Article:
Stock Status and Conservation Advice
(From ISC12 Plenary Report)
The Albacore Working Group (ALBWG) noted that it has not received any new information since the 2011 stock assessment that would require a change to previous (2011) conservation information. Therefore, the ALBWG offers no new recommendations on conservation above, beyond that provided by ISC11:
- The stock is considered to be healthy at average historical recruitment levels and fishing mortality (F2006-2008).
- Sustainability is not threatened by overfishing as the F2006-2008level (current F) is about 71% of FSSB-ATHL and the stock is expected to fluctuate around the long-term median SSB (~400,000 t) in the short- and long-term future.
- If future recruitment declines by about 25% below average historical recruitment levels, then the risk of SSB falling below the SSB-ATHL threshold with F2006-2008 levels increases to 54% indicating that the impact on the stock is unlikely to be sustainable.
- Increasing F beyond F2006-2008 levels (current F) will not result in proportional increases in yield as a result of the population dynamics of this stock.
- The current assessment results confirm that F has declined relative to the 2006 assessment, which is consistent with the intent of the previous (2006) WG recommendation.
Pacific Bluefin Tuna (From 2012 Intercessional Plenary Meeting)
Based on the reference point ratios, overfishing is occurring (see F-based ratios in Table 1) and the stock is heavily overfished (see depletion ratios in Table 1). Model estimates of 2010 spawning stock biomass (SSB) are at or near their lowest level and SSB has been declining for over a decade; however, there is no evidence of reduced recruitment.
The current (2010) PBF biomass level is near historically low biomass levels and experiencing high exploitation levels above all biological reference points (BRPs) commonly used by fisheries managers. Based on projection results, extending the status quo (2007-2009) fishing levels is unlikely to improve the stock condition.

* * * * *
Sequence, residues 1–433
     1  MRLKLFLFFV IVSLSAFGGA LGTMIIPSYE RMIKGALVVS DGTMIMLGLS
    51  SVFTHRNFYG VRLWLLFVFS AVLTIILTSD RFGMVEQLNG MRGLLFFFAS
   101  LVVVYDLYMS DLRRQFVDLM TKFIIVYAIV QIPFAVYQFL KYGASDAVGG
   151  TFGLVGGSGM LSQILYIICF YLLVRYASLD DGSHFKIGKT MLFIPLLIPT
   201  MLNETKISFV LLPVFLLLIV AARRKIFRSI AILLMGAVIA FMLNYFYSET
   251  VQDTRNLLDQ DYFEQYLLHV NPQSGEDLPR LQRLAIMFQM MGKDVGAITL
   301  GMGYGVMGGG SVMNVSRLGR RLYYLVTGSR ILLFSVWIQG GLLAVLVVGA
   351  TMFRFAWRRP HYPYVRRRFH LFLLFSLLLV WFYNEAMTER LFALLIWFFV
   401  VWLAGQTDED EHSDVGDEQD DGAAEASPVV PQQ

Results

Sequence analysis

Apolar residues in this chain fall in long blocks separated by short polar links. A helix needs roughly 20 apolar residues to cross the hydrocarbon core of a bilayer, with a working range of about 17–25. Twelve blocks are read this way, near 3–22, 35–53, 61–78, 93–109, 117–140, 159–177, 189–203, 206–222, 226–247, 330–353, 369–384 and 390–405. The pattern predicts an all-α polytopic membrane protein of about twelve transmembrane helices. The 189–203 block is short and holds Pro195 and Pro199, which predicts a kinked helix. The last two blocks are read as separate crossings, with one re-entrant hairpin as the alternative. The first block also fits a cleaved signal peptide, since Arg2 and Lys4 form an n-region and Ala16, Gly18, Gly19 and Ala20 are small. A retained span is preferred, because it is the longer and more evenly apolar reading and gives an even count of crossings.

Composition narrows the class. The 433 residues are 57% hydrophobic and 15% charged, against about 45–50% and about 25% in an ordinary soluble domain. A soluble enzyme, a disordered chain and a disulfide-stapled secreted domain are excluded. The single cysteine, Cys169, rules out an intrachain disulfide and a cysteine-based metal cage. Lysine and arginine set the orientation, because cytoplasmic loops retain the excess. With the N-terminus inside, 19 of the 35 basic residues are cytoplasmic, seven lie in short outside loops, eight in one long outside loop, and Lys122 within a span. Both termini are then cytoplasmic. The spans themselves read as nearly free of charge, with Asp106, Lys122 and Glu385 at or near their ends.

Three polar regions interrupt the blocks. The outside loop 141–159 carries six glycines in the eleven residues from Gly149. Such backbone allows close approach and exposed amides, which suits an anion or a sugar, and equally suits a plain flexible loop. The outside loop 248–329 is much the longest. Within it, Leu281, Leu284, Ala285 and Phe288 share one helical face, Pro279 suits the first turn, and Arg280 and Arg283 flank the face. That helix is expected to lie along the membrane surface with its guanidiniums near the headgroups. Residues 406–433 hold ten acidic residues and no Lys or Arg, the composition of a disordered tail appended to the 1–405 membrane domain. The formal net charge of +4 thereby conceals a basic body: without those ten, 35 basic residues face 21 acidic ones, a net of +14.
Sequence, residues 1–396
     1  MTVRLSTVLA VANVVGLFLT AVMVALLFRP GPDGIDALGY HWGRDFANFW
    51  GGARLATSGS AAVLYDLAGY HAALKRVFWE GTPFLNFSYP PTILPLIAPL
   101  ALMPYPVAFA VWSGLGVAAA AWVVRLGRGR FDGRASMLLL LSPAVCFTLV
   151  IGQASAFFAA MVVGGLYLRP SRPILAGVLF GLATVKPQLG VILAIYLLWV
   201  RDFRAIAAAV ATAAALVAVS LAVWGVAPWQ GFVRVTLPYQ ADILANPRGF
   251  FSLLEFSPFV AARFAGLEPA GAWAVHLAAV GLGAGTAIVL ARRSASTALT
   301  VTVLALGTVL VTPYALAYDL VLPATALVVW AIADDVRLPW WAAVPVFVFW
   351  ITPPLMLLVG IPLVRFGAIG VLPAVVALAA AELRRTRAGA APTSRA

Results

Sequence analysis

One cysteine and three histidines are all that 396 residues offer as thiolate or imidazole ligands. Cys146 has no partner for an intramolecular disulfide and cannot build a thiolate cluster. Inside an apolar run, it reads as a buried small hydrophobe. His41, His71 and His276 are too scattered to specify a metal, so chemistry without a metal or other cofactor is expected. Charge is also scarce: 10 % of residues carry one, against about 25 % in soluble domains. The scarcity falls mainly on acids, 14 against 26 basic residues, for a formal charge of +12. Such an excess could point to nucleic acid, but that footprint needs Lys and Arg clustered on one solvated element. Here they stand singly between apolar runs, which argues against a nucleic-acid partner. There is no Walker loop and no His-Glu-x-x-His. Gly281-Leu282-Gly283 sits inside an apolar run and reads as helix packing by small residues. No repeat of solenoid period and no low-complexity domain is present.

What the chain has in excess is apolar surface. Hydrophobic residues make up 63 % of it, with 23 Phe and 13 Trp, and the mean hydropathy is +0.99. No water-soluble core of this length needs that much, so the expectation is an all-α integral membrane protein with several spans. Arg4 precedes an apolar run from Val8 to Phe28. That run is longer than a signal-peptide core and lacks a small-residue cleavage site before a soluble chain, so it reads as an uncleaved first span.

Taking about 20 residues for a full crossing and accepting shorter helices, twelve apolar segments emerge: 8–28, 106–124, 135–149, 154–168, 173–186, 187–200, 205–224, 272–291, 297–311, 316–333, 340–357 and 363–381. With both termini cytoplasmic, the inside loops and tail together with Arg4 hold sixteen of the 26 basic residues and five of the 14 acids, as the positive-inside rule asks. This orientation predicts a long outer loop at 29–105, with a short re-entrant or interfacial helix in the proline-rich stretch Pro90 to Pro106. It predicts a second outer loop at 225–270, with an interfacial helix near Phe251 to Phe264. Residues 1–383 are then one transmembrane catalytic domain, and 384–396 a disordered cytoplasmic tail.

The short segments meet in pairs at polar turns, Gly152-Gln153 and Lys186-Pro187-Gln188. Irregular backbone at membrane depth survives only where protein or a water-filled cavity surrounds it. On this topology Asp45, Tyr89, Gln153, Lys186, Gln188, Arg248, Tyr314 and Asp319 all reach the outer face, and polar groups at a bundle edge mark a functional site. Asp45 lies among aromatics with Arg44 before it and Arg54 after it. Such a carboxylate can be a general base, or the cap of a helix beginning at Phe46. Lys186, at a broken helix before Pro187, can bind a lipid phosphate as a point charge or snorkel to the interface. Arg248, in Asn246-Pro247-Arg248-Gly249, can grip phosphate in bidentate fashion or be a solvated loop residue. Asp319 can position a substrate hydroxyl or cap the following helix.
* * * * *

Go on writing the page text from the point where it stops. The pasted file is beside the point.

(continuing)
Recently implemented WCPFC (entered into force in 2011) and IATTC (entered into force in 2012) conservation and management measures combined with additional Japanese voluntary domestic regulations aimed at reducing mortality, if properly implemented and enforced, are expected to contribute to improvements in PBF stock status. Based on those findings, it should be noted that implementation of catch limits is particularly effective in increasing future SSB when strong recruitment occurs. It is also important to note that if recruitment is less favorable, a reduction of F could be more effective than catch limits to reduce the risk of the stock declining.
The ISC requires advice from the WCPFC regarding which reference point managers prefer so that it can provide the most useful scientific advice. Until which time a decision is rendered, the ISC will continue to provide a suite of potential biological reference points for managers to consider.
The ISC provides the following scientific information as conservation advice:
- Fishing at FMSY would lead to spawning biomass increases of roughly 45% to 72% from 2012 to 2017.
- Fishing at a constant catch of 2,500 mt would lead to potential increases in spawning biomass of 133% to 223% by 2017.
- Fishing at a constant catch of 3,600 mt would lead to potential increases in spawning biomass of 48% and 120% by 2017.
- Fishing at the current fishing mortality rate would lead to spawning biomass increases of 14% to 29% by 2017,
- Fishing at the average 2001-2003 fishing mortality rate would lead to a spawning biomass decrease of 2% under recent recruitment to an increase of 6% under the stock-recruitment curve assumption by 2017.
The WCNPO (Western and Central North Pacific) and EPO (Eastern North Pacific) stocks of swordfish are healthy and above the level required to sustain recent catches.